I’ve painted in France, Germany, Spain, Japan, Ecuador, the Dominican Republic and in Puerto Rico. I’ve also gotten up in Seattle, Miami and Fort Lauderdale. And here in NYC, I’ve recently painted in the Bronx.
Any favorite place?
Probably Puerto Rico. I had many Puerto Rican friends as a teenager, and I feel a strong connection between NYC and Puerto Rico.
When did you first start getting up in public spaces?
I was in 7th grade when I began paying close attention to what was happening on the 7 train, on rooftops and along the 59th Street Bridge. Soon afterwards I was bombing those surfaces. I was most active on the streets – as Waqs A3crew– between 1990 -1995 piecing. But then I took a ten-year break.
Do you have a formal art education?
I attended the High School of Art and Design and I began fine art studies at three different colleges. But I dropped out of all of them, as I became increasingly involved in my own work.
What kind of work were you doing?
I was doing lots of commercial work such as record covers, backdrops for videos and steady commissions for rap groups. Among my projects was a video for Jeru the Damaja. This was ideal work for me, as I’ve always felt strongly connected to musicians. When I hit a wall with other artists, it’s like we’re all making music!
What got you back into painting on the streets?
5Pointz – for sure! Also traveling and the Internet. I share much of what I do on YouTube these days. I feel a responsibility towards the younger writers, and I love the interaction with them.
Have you any advice for young artists?
Aspiring artists need to learn the value of discipline. Art doesn’t happen quickly or easily.
Who inspires you?
Mode 2 from France and I’ve developed a new appreciation for Seen. I’m also inspired by musicians – such as Sadat X of Brand Nubian and Eddie Vedder of Pearl Jam.
"Cortes graffiti"
Tell us something about your skulls. They surface in so many of your pieces.
Skulls have forever been a theme in all genres of art. When I first started painting skulls – while still in high school — I was suggesting that graffiti is dead. But now I think of skulls as a celebration of life through acknowledging death. And in relation to graffiti, the skulls have come to imply rebirth, as graff has been reborn.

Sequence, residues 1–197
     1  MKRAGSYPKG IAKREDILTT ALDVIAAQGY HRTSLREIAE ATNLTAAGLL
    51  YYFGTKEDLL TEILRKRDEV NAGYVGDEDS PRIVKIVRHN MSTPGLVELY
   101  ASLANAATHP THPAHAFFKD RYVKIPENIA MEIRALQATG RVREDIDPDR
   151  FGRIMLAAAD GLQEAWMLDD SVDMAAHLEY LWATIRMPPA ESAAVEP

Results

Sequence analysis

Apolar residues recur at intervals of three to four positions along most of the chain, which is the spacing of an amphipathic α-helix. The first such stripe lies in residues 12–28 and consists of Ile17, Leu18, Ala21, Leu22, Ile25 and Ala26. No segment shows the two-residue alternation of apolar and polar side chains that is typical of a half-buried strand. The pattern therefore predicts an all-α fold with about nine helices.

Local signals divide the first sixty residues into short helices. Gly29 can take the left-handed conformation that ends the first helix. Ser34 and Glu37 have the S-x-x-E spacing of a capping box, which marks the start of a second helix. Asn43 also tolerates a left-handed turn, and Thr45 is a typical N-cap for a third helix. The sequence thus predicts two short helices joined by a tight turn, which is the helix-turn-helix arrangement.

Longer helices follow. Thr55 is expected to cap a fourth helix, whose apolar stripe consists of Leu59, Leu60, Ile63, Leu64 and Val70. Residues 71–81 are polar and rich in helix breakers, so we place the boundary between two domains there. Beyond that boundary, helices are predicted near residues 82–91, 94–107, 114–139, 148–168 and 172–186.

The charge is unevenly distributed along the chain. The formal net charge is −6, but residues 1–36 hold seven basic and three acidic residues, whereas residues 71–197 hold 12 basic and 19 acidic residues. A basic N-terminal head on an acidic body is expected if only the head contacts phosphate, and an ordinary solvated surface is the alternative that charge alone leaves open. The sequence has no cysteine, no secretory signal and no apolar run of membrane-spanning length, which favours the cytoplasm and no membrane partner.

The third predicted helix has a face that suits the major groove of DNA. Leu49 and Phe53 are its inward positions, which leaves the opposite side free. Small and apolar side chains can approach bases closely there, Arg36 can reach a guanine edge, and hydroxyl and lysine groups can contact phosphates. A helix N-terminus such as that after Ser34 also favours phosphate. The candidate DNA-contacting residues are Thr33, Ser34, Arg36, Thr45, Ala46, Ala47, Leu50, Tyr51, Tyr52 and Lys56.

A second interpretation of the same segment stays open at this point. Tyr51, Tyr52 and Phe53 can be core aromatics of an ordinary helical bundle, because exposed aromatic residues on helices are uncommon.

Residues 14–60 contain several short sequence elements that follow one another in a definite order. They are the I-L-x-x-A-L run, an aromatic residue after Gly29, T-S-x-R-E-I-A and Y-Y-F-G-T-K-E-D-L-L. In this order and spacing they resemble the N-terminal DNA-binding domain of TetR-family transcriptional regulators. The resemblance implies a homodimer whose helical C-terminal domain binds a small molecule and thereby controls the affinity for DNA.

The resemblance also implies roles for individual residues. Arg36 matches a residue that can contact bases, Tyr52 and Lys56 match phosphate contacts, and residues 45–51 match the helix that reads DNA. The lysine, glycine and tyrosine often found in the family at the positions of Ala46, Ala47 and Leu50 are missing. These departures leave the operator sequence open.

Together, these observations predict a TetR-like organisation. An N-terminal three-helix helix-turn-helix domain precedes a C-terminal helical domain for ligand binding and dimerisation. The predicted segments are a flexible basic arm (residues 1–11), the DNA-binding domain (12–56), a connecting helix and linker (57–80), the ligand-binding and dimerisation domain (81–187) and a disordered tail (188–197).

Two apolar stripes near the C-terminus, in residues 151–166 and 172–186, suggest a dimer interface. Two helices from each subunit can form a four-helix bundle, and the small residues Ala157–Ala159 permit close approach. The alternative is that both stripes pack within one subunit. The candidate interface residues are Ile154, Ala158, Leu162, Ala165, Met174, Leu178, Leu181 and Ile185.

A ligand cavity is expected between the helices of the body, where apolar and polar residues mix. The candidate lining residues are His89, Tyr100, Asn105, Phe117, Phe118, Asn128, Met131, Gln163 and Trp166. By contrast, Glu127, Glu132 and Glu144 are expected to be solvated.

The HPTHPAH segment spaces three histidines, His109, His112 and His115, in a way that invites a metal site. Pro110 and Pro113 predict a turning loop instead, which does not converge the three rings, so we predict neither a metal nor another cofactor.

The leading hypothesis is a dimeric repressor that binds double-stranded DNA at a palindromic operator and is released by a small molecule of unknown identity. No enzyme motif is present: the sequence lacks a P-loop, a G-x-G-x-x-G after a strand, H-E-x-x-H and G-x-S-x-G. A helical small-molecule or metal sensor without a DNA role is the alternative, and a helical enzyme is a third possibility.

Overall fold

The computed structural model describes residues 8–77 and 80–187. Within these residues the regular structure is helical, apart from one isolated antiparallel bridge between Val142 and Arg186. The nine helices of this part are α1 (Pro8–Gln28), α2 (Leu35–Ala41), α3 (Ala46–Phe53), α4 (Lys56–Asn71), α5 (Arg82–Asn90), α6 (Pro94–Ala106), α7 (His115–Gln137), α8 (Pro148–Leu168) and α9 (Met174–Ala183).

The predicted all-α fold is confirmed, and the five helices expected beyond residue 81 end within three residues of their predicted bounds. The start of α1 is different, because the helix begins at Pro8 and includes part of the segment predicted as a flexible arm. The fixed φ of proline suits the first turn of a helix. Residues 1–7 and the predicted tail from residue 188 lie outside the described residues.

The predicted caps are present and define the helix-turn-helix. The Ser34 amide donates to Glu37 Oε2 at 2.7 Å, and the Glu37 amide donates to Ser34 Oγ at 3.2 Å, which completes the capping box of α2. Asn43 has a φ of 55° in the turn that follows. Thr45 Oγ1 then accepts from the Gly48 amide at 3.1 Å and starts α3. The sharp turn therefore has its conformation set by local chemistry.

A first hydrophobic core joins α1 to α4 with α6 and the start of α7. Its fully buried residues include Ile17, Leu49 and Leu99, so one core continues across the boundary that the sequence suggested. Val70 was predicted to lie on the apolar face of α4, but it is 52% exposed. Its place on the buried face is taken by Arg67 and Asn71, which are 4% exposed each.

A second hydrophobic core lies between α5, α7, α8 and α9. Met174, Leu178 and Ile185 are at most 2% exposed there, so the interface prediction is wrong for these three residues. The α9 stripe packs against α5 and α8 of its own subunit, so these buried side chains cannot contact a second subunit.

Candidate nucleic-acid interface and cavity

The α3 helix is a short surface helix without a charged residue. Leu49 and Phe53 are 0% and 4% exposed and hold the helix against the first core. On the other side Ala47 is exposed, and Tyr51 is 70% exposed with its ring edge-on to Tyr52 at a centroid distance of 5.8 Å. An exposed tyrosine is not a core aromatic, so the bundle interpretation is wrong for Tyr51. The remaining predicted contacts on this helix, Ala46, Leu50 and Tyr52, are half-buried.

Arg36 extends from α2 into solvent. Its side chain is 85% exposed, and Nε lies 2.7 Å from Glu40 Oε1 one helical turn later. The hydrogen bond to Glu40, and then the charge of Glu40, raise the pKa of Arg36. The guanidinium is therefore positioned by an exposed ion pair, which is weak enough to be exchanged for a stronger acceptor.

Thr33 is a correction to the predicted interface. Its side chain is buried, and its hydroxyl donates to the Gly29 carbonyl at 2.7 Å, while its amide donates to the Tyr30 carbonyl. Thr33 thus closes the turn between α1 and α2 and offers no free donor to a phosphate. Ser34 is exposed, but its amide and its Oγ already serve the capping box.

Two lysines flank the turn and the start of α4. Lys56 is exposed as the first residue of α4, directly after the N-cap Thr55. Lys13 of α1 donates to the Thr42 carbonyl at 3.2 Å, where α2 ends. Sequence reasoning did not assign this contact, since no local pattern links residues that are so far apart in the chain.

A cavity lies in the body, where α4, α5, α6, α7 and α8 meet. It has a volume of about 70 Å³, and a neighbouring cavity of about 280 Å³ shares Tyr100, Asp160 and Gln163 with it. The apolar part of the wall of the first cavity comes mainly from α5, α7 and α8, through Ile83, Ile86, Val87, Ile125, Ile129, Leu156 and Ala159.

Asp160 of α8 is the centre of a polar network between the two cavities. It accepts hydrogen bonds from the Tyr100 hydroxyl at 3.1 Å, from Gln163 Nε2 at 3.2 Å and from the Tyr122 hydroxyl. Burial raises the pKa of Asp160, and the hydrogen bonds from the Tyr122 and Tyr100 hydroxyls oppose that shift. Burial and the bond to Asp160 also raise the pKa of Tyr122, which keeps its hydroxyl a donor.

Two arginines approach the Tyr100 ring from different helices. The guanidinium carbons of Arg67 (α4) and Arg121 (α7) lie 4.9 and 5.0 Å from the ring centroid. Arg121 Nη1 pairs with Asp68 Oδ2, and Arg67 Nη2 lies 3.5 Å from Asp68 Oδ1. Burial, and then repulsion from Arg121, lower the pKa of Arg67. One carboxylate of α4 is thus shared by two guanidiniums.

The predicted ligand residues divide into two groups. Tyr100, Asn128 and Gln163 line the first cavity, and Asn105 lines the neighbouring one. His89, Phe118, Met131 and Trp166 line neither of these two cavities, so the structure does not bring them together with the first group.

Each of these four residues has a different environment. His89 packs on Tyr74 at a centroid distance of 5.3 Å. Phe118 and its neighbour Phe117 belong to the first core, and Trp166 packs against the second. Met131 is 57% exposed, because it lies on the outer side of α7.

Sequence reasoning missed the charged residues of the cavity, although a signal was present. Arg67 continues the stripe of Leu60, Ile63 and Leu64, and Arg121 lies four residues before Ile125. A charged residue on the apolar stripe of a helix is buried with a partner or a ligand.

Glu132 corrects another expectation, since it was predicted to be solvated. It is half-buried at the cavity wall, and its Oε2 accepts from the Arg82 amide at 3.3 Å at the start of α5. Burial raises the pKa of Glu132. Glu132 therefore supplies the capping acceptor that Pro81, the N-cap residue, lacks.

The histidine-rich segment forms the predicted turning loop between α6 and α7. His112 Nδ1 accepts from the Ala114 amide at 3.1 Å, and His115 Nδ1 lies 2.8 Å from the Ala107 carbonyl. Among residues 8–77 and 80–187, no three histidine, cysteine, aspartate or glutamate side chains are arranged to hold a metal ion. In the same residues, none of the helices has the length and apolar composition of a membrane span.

What do you see as the future of graffiti?
I see it developing into more of a grass-roots movement. I see us developing our own events, along with smaller brands, as the huge brands have been dictating what kids see.
How do you feel about the street art vs. graffiti divide?
I don’t see them in conflict with one another. I see them simply as two separate genres. But I have difficulty understanding, for example, the Banksy phenomenon.
"Cortes graffiti"
What’s next?
More traveling, more black book videos, more tutorial videos and more walls. I’m planning to paint next in Brooklyn and I’m starting something new at 5Pointz. Next month I will be heading down to Miami for Art Basel.
Good luck! ‘sounds great!
Photos of Cortes at 5Pointz by Dani Mozeson;  in the Bronx by Lois Stavsky and painting in the Bronx by Lenny Collado


"Meres @ 5Pointz"

Under your leadership 5Pointz has evolved into an internationally acclaimed aerosol art Mecca. When did you first become involved in managing this space? And how did it happen?

It was back in 2002.  I simply asked the landlord, Jerry Wolkoff, if I could, as the space had been neglected. And he agreed. He told me, in fact, that he loves graffiti. More after the jump!


A Mecca of aerosol art, Long Island City’s 5Pointz attracts not only local artists, but also those from across the globe, offering a transitory legal home to a diverse range — from Old School graff writers to modern muralists.  Here are some recent sightings:

Olivier Bonhomme from Lyon, France

"The Floating Man by Bonhomme"

More after the jump!

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Speaking with Toofly

July 11, 2012

"Toofly at 5Pointz"

A self-described artist, designer and entrepreneur, Toofly is best-known for her signature character that has made its way onto walls across the globe, as well as onto a range of fashion items. We had the opportunity to meet up with Toofly this past week and ask her a few questions.

Your alluring character has been surfacing all around town. We’ve recently seen her in Williamsburg, at Welling Court, at 5Pointz and even on a Lower East Side rooftop. Can you tell us something about her?

She’s kind of like my alter ego. An outlet where I can express my emotion and ideas. She was once tough and with an attitude, but she has mellowed down over the years. And, like me, she is continually evolving.

More after the jump!